Atypical contact dermatitis

Sara Kerroum, Mariame Meziane, Nadia Ismaili, Laila Benzekri, Karima Senouci

Department of Dermatology, Mohammed V University in Rabat, Ibn Sina University Hospital, Rabat, Morocco

Corresponding author: Sara Kerroum, MD, E-mail:

How to cite this article: Kerroum S, Meziane M, Ismaili N, Benzekri L, Senouci K. Atypical contact dermatitis. Our Dermatol Online. 2023;14(e):e47.
Submission: 22.10.2022; Acceptance: 01.01.2023
DOI: 10.7241/ourd.2023e.47

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© Our Dermatology Online 2023. No commercial re-use. See rights and permissions. Published by Our Dermatology Online.

Allergic contact dermatitis or contact dermatitis or contact eczema is characterized by eczema lesions appearing on contact with certain non-protein chemicals. It is a delayed, cell-mediated reaction (type IV) [1] according to the Gell and Coombs classification. The allergic reaction does not necessarily occur on first contact. It may appear after several months or years of tolerance. The diagnosis is essentially clinical. The lesions are highly pruritic and may impact the quality of life of the patient [2]. Acute eczema evolves in four successive phases, often intertwined: the erythematous phase characterized by the appearance of an erythematous placard, the vesicular phase characterized by vesicles filled with clear liquid, sometimes confluent in bubbles, the oozing phase characterized by the rupture of vesicles, spontaneously or after scratching, and the crusty or desquamative phase followed by the recovery phase. In the case of persistent exposure to the allergen, the eczema becomes chronic and is characterized by lichenification. Regarding treatment, the detection of the responsible allergen is essential. Several treatments may be proposed. Strong-class dermocorticoids act on the inflammation. Antihistamines are proposed to fight against pruritus. Emollients play an important role in hydration. As for oral corticoids, they are proposed only for severe and extreme cases because of their multiple side effects.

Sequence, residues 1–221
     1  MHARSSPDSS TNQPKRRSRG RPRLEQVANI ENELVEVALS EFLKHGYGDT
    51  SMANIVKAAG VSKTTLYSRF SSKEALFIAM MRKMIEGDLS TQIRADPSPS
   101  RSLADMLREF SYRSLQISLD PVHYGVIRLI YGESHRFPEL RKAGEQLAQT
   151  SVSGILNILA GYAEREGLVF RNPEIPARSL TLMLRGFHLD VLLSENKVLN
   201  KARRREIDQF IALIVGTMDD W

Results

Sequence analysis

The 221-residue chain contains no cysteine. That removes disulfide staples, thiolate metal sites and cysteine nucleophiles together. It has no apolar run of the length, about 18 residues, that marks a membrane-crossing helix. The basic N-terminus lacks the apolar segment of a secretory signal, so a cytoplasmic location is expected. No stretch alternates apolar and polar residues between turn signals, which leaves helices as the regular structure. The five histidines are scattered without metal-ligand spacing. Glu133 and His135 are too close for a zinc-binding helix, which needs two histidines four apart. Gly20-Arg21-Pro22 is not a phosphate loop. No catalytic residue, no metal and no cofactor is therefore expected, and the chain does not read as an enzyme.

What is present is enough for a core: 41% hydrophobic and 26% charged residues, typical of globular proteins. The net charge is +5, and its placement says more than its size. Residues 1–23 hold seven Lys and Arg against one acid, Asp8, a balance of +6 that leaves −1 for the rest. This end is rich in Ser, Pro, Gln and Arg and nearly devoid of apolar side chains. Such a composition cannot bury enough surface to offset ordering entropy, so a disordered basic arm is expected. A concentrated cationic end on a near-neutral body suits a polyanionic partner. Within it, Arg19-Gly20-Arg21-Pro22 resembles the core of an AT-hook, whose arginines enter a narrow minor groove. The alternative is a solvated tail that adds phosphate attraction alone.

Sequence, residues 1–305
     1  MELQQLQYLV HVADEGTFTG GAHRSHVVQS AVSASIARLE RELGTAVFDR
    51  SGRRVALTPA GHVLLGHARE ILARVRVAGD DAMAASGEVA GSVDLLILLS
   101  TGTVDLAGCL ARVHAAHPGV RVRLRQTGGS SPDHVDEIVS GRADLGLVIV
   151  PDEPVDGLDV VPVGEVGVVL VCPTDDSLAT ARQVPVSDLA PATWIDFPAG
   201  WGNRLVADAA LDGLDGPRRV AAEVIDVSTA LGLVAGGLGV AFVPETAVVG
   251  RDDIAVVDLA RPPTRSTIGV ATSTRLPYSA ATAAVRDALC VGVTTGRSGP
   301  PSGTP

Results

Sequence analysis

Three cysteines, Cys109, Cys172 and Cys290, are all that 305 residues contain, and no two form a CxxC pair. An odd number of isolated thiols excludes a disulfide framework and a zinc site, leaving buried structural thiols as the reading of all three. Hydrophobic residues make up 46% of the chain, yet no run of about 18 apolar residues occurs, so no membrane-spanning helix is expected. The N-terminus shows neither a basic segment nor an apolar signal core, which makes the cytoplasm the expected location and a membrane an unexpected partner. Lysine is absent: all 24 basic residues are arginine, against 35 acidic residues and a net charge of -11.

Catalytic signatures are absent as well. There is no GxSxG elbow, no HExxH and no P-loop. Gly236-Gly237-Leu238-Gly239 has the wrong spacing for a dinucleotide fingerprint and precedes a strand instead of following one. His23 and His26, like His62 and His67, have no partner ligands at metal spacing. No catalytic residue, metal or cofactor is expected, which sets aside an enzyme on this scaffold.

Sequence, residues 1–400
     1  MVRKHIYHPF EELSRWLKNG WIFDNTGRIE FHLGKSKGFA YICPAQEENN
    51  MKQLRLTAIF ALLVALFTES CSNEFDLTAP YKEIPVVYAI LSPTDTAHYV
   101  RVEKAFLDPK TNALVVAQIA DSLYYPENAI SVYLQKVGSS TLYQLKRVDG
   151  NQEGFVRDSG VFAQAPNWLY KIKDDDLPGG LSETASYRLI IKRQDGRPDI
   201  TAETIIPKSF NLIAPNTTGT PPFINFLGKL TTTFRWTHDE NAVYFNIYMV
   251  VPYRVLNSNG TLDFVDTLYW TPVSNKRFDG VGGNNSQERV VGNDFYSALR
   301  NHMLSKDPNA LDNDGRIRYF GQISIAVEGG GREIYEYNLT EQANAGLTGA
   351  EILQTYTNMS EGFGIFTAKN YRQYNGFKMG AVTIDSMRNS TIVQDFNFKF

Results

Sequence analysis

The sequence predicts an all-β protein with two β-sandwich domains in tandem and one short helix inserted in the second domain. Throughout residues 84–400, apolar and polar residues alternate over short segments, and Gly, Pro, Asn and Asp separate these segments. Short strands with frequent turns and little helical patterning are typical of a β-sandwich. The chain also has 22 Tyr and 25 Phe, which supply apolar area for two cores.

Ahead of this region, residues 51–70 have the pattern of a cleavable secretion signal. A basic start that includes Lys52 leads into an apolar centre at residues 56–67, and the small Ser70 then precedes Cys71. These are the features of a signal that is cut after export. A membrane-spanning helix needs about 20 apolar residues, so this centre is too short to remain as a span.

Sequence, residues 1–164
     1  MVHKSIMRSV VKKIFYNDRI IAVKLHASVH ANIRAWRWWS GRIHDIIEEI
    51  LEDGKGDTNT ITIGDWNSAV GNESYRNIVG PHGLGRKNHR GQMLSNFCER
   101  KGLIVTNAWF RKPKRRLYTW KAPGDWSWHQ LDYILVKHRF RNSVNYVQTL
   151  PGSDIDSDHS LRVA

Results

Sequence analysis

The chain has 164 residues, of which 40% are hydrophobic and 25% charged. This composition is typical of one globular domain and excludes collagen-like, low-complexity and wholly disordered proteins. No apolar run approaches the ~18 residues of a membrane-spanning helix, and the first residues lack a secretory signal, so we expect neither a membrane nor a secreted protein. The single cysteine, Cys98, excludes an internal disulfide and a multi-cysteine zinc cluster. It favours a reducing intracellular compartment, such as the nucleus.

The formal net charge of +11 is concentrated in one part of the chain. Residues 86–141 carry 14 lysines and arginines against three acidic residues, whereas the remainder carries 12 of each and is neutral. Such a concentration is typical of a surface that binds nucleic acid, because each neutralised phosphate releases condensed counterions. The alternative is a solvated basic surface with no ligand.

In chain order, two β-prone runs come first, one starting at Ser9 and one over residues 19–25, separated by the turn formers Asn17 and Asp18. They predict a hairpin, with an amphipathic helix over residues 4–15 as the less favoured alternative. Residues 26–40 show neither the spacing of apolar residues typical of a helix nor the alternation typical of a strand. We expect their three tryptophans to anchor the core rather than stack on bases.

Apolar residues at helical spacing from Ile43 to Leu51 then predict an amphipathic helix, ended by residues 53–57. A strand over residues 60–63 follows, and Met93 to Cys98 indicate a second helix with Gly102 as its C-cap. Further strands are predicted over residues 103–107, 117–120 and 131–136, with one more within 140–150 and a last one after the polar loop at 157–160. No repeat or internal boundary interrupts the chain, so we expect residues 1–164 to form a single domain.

A 41-year-old patient with no notable pathological history presented to the dermatology clinic for the evaluation of bilateral and symmetrical lesions on the armpits evolving for several months. These lesions were lichenified and highly pruritic. Hyperpigmentation was also noted (Fig.1a). A cutaneous biopsy was performed, showing spongiotic dermatosis confirming the diagnosis of eczema. The patient was treated with strong-class dermocorticoids and an emollient with an excellent evolution (Fig. 1b).

Figure 1: Bilateral, symmetrical, and hyperpigmented lesions on the armpits. (b) Significant improvement after three weeks of treatment with dermocorticoids and an emollient.


The examination of the patient was conducted according to the principles of the Declaration of Helsinki. The authors certify that they have obtained all appropriate patient consent forms, in which the patients gave their consent for images and other clinical information to be included in the journal. The patients understand that their names and initials will not be published and due effort will be made to conceal their identity, but that anonymity cannot be guaranteed.


1. Seck B, Diallo M, Ndiaye MT, Diop A, Ba ID, Ly F. Atopic dermatitis in Senegalese children with skin phototype VI:Prevalence, clinical features, and risk factors of severity. Our Dermatol Online. 2022;13:359-64.

2. Lambert J. Itch in allergic contact dermatitis. Front Allergy. 2021;2:702488.


Source of Support: This article has no funding source.

Conflict of Interest: The authors have no conflict of interest to declare.

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